Solid State Drives
Benchmark Capital has upgraded shares of Stec, Inc. to "buy" from "hold." Reuters

Solid state drives (SSD) in 2011 is expected to a near doubling of revenue and hit more than $4 billion, extending a robust performance in the storage market for the second year in a row, according to new IHS iSuppli research.

SSD revenue this year is projected to hit $4.4 billion, up 91.3 percent from $2.3 billion in 2010. Growth in 2011 continues the expansion of the market starting last year, when the industry crossed the $1 billion threshold, figures indicate.

SSD revenue will continue to push ahead in the near future, even though the succeeding years will yield less impressive growth rates ranging from 7 to 25 percent. By 2014, SSD revenue is anticipated to reach $7.2 billion.

In 2010, SSDs had struggled partly due to a rise in NAND prices, and also because hard disc drives continued to increase their capacity and price advantage.

But now, since higher demand for SSDs in ultraportable notebooks as well as an enhanced profile in the enterprise, the success projected by IHS for the industry has become a reality.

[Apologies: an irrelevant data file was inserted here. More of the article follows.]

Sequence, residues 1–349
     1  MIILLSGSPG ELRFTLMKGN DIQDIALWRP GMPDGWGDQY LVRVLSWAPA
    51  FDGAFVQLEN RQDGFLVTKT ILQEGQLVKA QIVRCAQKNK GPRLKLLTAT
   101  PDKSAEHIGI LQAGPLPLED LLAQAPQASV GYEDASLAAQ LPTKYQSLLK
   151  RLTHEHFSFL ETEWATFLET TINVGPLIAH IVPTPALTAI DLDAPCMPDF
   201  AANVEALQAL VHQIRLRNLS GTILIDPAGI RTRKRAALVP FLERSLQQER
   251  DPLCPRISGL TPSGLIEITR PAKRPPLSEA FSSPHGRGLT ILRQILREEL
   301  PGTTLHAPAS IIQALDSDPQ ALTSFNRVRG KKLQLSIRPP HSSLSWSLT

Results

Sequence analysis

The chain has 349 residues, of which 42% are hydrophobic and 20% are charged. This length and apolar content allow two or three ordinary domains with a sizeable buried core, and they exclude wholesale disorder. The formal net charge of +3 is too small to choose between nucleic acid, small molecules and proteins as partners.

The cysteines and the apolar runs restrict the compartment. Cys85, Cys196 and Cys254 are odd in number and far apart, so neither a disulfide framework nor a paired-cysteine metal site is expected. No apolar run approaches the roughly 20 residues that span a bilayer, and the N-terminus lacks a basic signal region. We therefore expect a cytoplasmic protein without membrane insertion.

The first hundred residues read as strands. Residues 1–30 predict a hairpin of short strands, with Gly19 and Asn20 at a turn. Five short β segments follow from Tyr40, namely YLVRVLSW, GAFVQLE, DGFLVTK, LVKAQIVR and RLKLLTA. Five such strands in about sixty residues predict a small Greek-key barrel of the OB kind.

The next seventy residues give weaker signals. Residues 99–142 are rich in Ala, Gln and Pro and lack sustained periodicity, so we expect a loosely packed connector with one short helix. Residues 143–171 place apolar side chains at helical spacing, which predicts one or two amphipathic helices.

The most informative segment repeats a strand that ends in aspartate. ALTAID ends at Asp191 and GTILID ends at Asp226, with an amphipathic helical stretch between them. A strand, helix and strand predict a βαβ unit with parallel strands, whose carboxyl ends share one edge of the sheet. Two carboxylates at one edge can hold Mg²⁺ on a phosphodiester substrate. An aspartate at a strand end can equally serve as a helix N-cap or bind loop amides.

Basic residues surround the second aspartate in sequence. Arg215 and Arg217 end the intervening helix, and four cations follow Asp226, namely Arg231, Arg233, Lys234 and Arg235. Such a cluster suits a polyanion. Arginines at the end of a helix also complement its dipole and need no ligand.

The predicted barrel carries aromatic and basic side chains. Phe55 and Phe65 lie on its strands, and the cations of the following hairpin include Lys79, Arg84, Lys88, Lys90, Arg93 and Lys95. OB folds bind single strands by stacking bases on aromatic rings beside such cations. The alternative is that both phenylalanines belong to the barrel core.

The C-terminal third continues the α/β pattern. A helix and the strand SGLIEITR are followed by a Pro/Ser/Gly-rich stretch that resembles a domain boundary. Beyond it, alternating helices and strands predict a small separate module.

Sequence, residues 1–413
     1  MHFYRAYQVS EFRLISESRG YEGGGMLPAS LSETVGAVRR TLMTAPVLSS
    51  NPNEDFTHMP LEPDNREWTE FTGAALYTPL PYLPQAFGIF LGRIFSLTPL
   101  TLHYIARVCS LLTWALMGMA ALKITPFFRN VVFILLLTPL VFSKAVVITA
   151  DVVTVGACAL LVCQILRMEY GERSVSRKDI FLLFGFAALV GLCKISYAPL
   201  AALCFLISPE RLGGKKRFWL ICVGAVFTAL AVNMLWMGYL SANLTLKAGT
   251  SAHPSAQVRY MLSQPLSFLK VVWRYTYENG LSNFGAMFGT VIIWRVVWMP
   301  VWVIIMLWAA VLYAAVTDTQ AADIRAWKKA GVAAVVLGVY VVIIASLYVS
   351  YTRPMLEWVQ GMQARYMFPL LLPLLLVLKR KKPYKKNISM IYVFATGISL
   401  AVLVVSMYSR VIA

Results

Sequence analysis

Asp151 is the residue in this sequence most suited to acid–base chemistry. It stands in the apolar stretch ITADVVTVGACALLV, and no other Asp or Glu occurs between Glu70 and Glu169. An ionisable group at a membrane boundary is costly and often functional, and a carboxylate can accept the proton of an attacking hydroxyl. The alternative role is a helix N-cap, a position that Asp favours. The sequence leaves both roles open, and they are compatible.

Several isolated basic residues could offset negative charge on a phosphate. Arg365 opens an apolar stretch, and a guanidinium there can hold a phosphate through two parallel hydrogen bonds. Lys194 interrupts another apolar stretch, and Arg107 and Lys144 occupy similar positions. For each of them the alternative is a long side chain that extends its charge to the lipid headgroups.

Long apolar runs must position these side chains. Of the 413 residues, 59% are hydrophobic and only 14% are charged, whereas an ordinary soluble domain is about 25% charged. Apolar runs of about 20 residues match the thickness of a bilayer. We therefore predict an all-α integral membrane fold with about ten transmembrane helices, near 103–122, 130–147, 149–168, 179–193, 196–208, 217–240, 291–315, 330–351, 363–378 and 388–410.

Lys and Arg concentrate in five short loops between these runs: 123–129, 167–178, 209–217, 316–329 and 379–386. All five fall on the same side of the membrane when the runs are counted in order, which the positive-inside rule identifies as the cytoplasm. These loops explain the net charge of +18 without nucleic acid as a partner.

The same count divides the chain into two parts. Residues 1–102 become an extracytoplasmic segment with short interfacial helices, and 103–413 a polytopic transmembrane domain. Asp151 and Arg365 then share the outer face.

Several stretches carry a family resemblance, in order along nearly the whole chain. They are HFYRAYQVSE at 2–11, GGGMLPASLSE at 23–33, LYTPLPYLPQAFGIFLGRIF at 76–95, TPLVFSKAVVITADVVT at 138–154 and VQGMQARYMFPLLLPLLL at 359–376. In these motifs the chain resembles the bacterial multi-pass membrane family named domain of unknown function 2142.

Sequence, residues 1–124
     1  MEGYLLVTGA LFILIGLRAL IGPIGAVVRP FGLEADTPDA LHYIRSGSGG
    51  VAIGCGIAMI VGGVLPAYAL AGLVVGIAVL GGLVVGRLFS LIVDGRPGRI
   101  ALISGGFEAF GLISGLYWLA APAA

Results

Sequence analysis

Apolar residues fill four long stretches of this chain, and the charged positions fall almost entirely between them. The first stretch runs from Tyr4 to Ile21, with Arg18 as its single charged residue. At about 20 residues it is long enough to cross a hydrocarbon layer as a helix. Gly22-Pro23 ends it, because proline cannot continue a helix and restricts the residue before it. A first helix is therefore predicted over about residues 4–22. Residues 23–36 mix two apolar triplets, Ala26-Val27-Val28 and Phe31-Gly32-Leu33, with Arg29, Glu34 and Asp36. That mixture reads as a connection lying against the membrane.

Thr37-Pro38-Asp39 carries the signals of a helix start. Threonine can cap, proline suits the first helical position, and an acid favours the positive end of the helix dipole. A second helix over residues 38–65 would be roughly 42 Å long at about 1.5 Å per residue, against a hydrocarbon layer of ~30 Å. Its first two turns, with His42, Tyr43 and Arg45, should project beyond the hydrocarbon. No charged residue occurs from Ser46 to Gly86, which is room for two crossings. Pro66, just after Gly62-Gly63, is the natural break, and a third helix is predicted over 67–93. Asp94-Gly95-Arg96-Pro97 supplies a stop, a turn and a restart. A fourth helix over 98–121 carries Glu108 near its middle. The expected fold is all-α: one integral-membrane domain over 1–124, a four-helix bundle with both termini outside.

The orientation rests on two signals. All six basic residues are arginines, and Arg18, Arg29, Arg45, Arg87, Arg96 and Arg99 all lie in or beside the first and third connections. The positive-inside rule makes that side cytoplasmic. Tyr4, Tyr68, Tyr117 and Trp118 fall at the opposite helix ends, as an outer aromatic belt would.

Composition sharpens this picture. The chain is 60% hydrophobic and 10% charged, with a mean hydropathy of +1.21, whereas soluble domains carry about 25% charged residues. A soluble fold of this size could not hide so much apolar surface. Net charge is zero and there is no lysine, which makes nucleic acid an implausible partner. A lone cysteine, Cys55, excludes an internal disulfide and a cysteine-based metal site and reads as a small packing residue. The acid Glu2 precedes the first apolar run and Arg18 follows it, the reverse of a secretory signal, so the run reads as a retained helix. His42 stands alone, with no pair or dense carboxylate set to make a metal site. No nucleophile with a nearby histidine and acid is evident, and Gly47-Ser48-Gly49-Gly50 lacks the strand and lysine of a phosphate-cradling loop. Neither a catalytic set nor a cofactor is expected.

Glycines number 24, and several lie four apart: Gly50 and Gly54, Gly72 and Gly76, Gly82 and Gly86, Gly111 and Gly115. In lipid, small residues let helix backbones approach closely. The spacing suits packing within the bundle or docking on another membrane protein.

IHS expects SSD shipments to reach approximately 15 million units this year, an increase of more than 118 percent from 6.9 million in 2010. Yet SSD shipments remain miniscule compared to those for hard disk drives, which will total roughly 161 million units in the first quarter of 2011 alone.

The factors that will boost demand for SSDs include that SSD comprised mostly of semiconductors and without any movable parts, unlike their rival hard disk drives made of magnetic media. Now, the prices for the NAND flash memory chips used in SSDs have dropped and SSDs are making its presence felt in both the consumer and enterprise markets

The industry's hottest segment in 2011 will be SSDs for consumer usage, IHS predicts, as shipments of SSD-outfitted high-end notebooks skyrocket. Last year's Apple Inc.'s MacBook Air, for instance, succeeded in highlighting the SSD as a tangible differentiator.

By designing around a small storage footprint and throwing in the fast performance typical of NAND flash, Apple delivered an attractive computing experience otherwise not achievable through a hard drive, thereby demonstrating the virtues inherent in SSD-equipped computers.

SSD's other growth segment this year lies in the enterprise, which increasingly employs flash storage to overcome performance bottlenecks. In applications like online transaction processing and financial analysis, SSD drives using single-level-cell (SLC) NAND are preferred in order to enable optimal bandwidth and longevity.

In addition, enterprise-grade multi-level-cell (MLC) NAND flash also has picked up steam as vendors improve MLC performance and controller sophistication, with a majority of enterprise SSDs now shipping with MLC flash.